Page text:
Accepted paper:

Change the world or change myself? Reflections from an international school in China

Author:

Michal Assa-Inbar (Hebrew University of Jerusaelm)

Paper short abstract:

This paper will introduce the call for change as an ideal value in the global arena. The talk will examine the role of the call-for-change discourse, its characteristics and the modes of its implementation in order to create a unified and collective identity in an educational global site.

Paper long abstract:

Globalization Theory broadly deals with the question of whether a defined identity of global citizenship has evolved, or is the particular and local or national identity still the central one. In this lecture I will employ the anthropological perspective in order to shed light on the practical dimensions of this general and theoretic question. This paper will elaborate on the creation process of a 'Citizen of the World'. More specifically, I will explore how the call-for-change as part of a larger, engaging discourse on 'Global Issues' in an international school, is represented formally by the school and perceived in practice by the students. Based on Ulrich Beck's conceptualization of World Risk Society (1992) and The cosmopolitan look (2006), this paper wishes to unfold the way the call-for-change works to implement a cosmopolitan awareness and hence create a common perspective while at the same time challenging Beck's view. These ideas will be examined in light of data collected in ethnographic study on daily life at an international school in China. Working as a 'Globalization laboratory', this school operates as a site where abstract values of global change receive concrete meaning and a specific interpretation in a defined place. The paper will be based on a workshop for high school students, conducted by a representative of a Canadian organization, aiming to 'change the world', and working particularly in the area of child labor. In addition, written responses of the students to the workshop will be analyzed as well.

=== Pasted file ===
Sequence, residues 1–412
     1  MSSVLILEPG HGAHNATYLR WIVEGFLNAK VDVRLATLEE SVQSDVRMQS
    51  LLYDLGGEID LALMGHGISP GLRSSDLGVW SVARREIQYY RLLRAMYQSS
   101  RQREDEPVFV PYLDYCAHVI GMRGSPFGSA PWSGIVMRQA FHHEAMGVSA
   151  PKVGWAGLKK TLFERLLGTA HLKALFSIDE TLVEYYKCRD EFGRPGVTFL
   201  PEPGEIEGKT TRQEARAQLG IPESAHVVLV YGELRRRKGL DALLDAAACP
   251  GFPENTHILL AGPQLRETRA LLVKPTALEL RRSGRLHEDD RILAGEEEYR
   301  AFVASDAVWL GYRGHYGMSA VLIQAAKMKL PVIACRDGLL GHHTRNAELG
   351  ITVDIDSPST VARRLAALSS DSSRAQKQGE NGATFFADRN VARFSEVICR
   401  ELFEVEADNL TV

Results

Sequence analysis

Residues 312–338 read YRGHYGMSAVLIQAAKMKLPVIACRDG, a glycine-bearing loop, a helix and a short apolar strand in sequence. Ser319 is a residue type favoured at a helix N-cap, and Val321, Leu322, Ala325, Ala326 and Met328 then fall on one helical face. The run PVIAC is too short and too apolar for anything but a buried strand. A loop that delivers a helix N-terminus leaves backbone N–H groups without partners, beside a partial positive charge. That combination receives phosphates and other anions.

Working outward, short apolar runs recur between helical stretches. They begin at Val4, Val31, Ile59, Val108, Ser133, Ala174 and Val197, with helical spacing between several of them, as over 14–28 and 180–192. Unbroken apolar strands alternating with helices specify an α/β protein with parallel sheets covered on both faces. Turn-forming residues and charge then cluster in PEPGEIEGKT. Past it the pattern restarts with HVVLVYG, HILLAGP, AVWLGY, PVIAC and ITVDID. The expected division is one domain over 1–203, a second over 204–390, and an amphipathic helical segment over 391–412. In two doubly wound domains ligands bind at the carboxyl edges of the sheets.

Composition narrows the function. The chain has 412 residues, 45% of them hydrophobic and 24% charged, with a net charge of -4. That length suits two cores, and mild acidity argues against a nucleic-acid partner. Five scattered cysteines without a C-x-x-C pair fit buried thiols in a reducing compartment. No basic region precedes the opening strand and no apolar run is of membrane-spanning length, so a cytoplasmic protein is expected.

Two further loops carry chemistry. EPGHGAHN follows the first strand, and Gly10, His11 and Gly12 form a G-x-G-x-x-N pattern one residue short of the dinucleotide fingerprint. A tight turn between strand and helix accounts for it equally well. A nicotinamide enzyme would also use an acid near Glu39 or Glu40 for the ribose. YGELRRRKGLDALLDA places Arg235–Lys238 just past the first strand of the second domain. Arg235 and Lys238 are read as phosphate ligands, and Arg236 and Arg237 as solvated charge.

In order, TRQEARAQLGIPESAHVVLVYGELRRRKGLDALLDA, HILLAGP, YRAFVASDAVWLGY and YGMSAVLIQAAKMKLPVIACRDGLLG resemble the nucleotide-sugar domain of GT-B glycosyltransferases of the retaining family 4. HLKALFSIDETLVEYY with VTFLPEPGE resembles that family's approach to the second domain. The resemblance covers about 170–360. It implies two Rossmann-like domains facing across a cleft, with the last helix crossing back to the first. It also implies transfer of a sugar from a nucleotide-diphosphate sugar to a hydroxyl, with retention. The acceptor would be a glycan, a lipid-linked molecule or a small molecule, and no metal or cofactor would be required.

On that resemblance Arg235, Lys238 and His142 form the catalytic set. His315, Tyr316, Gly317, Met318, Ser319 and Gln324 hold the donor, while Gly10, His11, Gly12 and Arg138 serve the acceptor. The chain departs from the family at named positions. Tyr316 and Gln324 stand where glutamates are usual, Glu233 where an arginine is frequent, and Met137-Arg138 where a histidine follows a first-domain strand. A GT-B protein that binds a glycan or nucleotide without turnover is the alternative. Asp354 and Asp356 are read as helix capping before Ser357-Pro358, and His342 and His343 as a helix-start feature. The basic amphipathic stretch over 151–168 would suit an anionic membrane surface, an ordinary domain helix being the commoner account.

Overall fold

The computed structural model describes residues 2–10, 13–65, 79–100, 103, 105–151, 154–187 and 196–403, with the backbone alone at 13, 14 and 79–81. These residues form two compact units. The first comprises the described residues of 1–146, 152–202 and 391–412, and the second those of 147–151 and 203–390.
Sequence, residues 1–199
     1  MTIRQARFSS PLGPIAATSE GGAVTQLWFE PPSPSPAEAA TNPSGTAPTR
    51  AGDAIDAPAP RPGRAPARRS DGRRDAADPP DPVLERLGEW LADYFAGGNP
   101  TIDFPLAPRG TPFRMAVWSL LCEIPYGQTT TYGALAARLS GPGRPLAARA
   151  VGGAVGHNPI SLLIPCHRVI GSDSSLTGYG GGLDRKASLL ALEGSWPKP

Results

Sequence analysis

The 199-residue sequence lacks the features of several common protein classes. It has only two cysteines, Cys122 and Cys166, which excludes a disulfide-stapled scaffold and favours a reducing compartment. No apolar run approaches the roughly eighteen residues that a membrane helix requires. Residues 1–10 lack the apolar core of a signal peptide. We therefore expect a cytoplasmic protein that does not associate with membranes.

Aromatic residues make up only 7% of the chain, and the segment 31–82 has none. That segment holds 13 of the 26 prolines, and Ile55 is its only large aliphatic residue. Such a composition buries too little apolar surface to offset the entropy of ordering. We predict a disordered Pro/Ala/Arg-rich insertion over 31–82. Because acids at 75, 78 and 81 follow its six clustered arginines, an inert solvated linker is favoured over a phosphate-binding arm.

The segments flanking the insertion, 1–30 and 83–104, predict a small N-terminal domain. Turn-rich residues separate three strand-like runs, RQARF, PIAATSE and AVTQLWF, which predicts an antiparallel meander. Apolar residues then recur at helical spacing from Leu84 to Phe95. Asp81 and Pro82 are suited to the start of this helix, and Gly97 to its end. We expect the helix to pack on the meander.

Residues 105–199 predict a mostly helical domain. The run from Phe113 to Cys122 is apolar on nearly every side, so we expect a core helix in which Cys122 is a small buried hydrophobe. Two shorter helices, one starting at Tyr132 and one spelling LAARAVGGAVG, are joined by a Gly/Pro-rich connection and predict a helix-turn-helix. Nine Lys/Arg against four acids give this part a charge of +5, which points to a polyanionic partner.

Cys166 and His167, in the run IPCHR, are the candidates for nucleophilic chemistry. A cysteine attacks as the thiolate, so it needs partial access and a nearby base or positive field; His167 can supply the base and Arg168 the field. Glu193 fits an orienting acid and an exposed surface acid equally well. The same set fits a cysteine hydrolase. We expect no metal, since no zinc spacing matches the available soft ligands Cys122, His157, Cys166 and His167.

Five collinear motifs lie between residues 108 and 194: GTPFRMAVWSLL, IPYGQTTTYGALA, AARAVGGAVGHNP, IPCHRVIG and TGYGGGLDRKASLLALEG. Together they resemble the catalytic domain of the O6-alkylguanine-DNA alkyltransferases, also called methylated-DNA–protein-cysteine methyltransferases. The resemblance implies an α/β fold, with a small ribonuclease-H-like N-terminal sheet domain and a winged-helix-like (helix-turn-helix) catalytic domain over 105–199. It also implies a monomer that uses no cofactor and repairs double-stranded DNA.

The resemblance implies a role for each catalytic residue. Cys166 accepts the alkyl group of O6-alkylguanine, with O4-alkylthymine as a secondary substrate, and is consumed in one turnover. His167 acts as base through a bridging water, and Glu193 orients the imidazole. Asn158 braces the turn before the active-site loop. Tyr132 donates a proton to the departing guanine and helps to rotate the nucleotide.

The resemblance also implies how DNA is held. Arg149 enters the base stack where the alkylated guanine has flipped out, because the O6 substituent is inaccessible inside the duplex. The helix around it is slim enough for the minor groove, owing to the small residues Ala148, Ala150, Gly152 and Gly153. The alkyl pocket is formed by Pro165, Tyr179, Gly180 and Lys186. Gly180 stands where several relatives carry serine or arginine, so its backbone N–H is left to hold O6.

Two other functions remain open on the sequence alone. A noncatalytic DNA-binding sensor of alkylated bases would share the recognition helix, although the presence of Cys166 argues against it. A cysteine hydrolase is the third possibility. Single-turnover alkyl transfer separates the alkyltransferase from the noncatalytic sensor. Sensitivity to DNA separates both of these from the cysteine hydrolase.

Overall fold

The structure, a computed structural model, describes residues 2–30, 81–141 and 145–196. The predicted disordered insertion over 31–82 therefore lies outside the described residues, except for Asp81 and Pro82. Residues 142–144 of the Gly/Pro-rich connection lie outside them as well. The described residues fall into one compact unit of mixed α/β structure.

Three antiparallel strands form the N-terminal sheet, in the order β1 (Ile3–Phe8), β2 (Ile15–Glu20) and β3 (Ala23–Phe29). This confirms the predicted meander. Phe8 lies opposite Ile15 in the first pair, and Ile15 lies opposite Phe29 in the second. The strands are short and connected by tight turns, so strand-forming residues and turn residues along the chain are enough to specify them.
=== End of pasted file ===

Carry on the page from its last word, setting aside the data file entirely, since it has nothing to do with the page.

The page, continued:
panel P056
Obsession with change